The introduction of the newly repleased iPhone 4S in Beijing, China turned ugly on Friday morning when the company failed to open its store and a frustrated crowd consisting of loyal Apple phone users reacted by pelting the store’s gleaming glass walls with eggs.
“Apple Inc. said it had temporarily suspended sales of all iPhones at its five mainland China stores out of concern for the safety of customers and employees. However, these phones will still continue to be offered online, through the company’s official partner, Unicom, and at authorized resellers. The statement did not say when Apple stores would resume selling the iPhone 4S.
Demand for iPhones in China far exceeds supply, which has spawned an army of scalpers who hire migrant workers to snap up products that the scalpers then resell at much higher prices.
A large group of people of more than 1,000 who gathered outside the Apple store on Friday in the Sanlitun district of Beijing included organized teams of migrant workers, identifiable by matching armbands or hats. Some of the migrant workers said they were bused in and promised payment of 100 renminbi, or about $16, for purchasing a phone.
Wary of unrest, police ordered the store not to open, according to one source familiar with the situation. Furious, some would-be customers threw eggs. Police controlled the crowd and temporarily shut off the store.
Those recruited by scalpers were particularly angry. Some said the store’s closing meant that they would get only 10 renminbi, meant as a food allowance, after standing in line all night in freezing temperatures.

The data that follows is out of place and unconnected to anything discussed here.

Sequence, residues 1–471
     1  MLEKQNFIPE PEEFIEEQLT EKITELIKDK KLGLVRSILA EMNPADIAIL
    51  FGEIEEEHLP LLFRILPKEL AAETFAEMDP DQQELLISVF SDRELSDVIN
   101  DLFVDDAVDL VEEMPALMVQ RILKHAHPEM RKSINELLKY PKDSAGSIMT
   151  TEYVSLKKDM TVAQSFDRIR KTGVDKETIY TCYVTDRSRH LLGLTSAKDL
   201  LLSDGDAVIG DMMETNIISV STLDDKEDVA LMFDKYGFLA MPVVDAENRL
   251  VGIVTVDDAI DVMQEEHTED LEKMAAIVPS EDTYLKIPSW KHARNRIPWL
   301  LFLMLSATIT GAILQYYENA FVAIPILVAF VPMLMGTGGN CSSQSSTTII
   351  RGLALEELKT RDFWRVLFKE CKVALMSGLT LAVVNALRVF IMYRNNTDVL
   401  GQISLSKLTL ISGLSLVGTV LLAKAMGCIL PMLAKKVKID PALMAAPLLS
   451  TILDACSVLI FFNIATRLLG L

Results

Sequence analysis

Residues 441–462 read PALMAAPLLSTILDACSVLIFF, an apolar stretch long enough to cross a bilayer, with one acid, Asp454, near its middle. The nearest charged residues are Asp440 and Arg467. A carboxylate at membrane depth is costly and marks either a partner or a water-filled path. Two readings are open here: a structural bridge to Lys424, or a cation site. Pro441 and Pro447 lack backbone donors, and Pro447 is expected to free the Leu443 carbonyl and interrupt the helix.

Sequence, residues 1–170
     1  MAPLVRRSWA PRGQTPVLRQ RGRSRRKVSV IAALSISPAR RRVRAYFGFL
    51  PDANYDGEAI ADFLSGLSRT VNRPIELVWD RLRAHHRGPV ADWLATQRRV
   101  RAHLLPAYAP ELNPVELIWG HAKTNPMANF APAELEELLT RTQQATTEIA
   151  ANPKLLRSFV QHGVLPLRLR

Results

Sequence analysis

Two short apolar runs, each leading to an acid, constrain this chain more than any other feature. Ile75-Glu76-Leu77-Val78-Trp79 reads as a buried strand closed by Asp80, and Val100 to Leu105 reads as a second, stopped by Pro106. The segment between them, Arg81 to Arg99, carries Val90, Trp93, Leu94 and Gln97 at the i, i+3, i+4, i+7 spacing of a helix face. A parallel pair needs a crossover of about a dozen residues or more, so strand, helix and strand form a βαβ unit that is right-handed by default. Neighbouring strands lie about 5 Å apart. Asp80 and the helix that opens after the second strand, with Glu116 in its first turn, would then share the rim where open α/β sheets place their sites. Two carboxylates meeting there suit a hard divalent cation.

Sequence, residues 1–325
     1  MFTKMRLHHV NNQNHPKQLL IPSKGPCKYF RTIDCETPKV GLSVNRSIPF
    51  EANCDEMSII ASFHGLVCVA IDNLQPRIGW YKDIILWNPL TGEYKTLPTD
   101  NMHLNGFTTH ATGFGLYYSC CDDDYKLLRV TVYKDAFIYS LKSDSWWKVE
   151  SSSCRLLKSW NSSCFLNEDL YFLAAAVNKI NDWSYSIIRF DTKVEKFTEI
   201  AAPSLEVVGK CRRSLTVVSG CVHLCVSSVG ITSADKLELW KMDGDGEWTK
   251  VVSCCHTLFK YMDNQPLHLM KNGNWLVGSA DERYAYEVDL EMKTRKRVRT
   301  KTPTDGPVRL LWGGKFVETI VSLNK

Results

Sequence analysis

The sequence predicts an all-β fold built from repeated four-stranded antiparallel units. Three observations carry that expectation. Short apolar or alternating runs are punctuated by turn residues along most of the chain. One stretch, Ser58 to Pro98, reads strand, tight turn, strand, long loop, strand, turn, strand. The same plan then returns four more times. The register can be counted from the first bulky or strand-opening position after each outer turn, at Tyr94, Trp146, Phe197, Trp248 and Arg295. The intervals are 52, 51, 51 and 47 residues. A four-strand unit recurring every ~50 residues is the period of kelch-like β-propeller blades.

It was the second time in less than a year that the Sanlitun store had been forced to temporarily close while trying to offer a new product. In May, four people were injured and a glass door was smashed when a crowd waiting to buy the iPad 2 turned disorderly, according to China Daily,” New York Times said in a post.
At other store in Beijing and the three stores in Shanghai, the phone sold out quickly, leaving some customer disappointed, but with there is no reports of incidents.
China is the Apple’s fastest-growing market: with just five of the it’s stores, and the country accounts for one-sixth of its global sales. Tim Cook, the CEO of Apple, said last week that “customer response to our products in China has been off the charts.”